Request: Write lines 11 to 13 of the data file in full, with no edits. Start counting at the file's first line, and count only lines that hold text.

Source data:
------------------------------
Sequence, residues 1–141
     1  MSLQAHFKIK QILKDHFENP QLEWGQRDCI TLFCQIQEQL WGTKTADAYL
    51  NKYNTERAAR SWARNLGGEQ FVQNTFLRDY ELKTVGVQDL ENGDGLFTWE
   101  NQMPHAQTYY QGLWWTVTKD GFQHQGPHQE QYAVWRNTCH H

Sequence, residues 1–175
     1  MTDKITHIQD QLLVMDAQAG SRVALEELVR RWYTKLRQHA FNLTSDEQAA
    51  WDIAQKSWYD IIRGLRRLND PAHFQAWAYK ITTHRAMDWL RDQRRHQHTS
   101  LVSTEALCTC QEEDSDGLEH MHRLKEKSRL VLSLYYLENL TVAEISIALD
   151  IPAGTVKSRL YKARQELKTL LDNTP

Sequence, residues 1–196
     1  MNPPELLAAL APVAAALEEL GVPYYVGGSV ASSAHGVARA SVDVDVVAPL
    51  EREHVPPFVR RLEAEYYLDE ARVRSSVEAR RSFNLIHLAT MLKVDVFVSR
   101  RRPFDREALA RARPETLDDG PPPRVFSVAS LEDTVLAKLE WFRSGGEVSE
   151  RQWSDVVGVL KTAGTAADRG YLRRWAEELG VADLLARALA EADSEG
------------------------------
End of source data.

     1  MNPPELLAAL APVAAALEEL GVPYYVGGSV ASSAHGVARA SVDVDVVAPL
    51  EREHVPPFVR RLEAEYYLDE ARVRSSVEAR RSFNLIHLAT MLKVDVFVSR
   101  RRPFDREALA RARPETLDDG PPPRVFSVAS LEDTVLAKLE WFRSGGEVSE